J. S. Jagwani, M. C. Sharma & Lakshmi B

products are carcinogenic aromatic amines. Many bacteria are used in the dye decolorization like Brevibacillus sp., Klebsiella pneumoniae, Acetobacter liquefaciens, Pseudomonas desmolyticum, etc.(Alhassani et al, 2007, Kalme et al, 2007a, Kalme et al, 2007b, Wong et al, 1998). Microbial consortia are found to be efficient for environmental remediation (Senan et al, 2004). The complexicity of microbial consortium enables them to degrade variety of pollutants (Watnable, 2000). In the present study, a consortium was selected from six consortiums isolated from soil and water samples collected from areas of textile dyeing and printing in Kadodara, Surat; Vatva, Ahmedabad and its ability to degrade Reactive Orange M2R (ROM2R) a monoazo dye was analysed. The consortium’s ability to remove Chemical oxygen demand was measured to ensure the ability of the consortium to convert complex dye to simple non toxic compound. The degraded product after the treatment with consortium VSS was anaylsed by HPTLC and FTIR

MATERIALS AND METHOD Dyes The textile dyes that are manufactured and used mostly for dyeing and printing were selected for the study. The common name of all dyes has been used for convenience; the dyes were procured from Chemical Research and Development Centre (CRDC), Vatva, Ahmedabad. The dyes were Reactive Orange M2R, Remazol Brilliant Red 5, Procion Yellow, Reactive Green 19A, Reactive Red 195, Reactive Golden Yellow, Red HE8B, Reactive Blue 59, Remazol Brilliant Blue R, Remazol Black B, Reactive Black 8 and Turquoise Blue. A monoazo dye Reactive Orange M2R (ROM2R) was selected as model dye for all experiments (Figure 1).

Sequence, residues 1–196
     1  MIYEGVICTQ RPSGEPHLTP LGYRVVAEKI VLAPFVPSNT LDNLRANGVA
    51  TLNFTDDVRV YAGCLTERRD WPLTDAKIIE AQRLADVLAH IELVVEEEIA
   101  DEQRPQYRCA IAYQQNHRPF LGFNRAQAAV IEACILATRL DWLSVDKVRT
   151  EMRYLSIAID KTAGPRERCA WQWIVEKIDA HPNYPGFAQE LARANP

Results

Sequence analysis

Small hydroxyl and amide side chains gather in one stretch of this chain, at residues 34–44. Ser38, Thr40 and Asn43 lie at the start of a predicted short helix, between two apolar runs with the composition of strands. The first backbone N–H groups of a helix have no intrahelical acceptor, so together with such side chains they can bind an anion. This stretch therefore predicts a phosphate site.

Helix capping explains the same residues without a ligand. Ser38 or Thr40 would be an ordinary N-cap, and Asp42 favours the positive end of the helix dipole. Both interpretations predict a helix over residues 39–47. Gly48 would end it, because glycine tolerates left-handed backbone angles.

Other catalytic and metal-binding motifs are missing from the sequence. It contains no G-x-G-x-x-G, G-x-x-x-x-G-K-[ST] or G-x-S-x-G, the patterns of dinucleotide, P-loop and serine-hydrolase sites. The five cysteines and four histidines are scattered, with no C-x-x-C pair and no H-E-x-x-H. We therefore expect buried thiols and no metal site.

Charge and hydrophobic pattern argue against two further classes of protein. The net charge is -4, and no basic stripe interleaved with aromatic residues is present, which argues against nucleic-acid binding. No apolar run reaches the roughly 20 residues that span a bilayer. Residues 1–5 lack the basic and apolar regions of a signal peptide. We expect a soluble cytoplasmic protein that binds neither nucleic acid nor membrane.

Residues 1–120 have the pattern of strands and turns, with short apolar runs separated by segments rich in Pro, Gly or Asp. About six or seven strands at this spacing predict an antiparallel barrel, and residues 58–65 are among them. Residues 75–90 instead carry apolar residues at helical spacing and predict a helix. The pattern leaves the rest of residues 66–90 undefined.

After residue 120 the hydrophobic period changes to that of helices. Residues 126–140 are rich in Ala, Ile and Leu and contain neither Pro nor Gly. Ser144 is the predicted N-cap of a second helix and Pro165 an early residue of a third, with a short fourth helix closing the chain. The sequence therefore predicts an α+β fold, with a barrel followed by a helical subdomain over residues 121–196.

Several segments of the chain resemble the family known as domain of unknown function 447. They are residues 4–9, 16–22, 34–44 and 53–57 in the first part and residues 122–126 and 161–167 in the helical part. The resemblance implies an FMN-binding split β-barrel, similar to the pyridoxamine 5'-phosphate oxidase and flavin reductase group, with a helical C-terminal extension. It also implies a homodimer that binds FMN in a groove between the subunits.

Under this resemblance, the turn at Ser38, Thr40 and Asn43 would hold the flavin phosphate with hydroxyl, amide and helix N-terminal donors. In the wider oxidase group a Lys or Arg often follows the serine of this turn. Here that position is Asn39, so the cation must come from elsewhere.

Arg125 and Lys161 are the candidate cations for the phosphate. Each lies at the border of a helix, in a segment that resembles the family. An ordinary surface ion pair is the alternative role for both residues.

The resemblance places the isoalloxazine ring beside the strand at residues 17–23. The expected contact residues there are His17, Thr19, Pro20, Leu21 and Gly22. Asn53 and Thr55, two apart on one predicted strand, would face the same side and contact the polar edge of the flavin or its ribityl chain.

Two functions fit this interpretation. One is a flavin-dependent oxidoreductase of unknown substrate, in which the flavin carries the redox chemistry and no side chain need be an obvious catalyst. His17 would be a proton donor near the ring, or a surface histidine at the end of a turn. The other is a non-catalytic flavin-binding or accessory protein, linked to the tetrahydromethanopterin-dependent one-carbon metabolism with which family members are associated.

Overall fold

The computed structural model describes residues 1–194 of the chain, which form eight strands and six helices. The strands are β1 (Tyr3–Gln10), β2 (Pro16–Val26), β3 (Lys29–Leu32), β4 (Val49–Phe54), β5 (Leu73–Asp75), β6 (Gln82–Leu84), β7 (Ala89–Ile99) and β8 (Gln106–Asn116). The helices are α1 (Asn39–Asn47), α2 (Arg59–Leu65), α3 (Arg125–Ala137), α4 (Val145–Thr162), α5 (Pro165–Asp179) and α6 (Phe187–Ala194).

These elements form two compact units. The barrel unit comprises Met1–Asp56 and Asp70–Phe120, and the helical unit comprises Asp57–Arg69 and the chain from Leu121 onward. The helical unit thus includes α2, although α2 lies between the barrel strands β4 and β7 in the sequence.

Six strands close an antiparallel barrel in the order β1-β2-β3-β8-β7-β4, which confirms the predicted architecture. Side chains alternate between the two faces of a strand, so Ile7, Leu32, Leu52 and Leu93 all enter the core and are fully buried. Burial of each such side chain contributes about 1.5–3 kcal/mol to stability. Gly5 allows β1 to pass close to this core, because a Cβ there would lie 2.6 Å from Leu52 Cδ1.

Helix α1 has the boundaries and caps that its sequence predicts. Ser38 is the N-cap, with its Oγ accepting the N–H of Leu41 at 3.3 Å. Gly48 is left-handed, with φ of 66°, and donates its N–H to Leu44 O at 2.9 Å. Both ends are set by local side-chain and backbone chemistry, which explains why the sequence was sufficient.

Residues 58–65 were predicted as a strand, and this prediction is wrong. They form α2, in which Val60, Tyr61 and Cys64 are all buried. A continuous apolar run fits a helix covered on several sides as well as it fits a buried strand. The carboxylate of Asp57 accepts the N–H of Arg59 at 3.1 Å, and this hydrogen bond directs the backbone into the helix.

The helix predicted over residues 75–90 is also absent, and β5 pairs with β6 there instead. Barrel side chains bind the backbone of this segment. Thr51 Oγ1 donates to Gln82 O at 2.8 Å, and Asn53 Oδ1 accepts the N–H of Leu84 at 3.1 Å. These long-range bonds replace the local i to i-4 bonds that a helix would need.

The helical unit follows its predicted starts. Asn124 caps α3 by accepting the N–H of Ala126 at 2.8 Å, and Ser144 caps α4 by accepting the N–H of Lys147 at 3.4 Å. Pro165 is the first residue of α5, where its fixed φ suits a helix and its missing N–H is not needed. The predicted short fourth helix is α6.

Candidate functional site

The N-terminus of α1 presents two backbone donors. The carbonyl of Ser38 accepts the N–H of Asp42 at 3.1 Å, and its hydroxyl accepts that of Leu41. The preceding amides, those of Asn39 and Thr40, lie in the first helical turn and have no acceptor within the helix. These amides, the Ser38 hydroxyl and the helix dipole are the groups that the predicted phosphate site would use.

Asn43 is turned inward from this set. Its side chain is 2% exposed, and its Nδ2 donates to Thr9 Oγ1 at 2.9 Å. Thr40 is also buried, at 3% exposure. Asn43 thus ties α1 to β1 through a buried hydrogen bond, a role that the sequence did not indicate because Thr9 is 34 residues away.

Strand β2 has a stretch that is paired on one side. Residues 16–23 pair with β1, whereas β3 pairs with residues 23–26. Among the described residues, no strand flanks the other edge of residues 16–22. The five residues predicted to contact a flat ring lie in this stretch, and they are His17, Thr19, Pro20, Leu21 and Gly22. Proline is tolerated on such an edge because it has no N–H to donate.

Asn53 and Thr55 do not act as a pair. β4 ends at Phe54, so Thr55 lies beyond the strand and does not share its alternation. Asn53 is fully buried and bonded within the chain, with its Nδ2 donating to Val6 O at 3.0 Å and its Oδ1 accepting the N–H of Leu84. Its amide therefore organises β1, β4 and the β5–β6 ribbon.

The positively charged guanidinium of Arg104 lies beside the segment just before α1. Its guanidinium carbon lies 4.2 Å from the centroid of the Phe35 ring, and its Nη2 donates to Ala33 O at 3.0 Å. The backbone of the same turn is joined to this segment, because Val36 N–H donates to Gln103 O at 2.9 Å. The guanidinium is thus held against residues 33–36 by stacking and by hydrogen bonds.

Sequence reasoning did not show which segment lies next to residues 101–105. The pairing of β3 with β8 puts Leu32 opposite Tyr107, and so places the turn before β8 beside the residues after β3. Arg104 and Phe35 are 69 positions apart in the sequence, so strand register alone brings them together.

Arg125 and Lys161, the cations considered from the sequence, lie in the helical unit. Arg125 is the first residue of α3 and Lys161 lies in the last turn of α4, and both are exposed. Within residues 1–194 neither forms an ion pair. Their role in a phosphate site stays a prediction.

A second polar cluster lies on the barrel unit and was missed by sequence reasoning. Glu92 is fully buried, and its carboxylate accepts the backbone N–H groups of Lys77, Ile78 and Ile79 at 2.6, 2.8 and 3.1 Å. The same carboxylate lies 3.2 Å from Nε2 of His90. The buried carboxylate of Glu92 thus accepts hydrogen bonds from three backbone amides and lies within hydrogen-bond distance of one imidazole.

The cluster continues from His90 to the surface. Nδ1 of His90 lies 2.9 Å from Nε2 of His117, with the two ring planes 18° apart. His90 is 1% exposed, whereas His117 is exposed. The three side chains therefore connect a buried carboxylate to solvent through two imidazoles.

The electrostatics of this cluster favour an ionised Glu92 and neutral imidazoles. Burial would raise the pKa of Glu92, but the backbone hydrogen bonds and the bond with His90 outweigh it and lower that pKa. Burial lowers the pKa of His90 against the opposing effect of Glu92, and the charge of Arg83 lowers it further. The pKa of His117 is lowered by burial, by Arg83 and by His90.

Figure 1: Reactive Orange M2R (Reactive Orange 4) C.I.No.18260 λmax=488nm Medium Bushnell and Haas medium (BHM) (HiMedia) containing the following in gl -1: MgSO4, 0.2; K2HPO4, 1.0; CaCl2, 0.02; FeCl3, 0.05; NH4NO3, 1.0 supplemented with Glucose (0.1% w/v) , Yeast extract(0.3% w/v) and 100ppm (mgl -1) ROM2R was used for enrichment of organisms in soil and water sample. Sample Collection for Isolation of Dye Degrading Organisms Soil and water samples were collected from areas of textile dyeing and printing in Kadodara, Surat and areas around dye industries in Vatva, GIDC, Ahmedabad, Gujarat were used for screening of dye decolorizing bacteria . Enrichment of Dye Degrading Organisms BHM media containing dye (ROM2R 100 mgl-1 ) as sole source of carbon and energy (without cosubstrate) (100 ml) was taken in 250 ml Erlenmeyer flasks and was inoculated with 10 ml of soil suspension (10% w/v) and incubated under static condition at 37 °C. Repeated transfers were carried out in fresh dye containing media till stable dye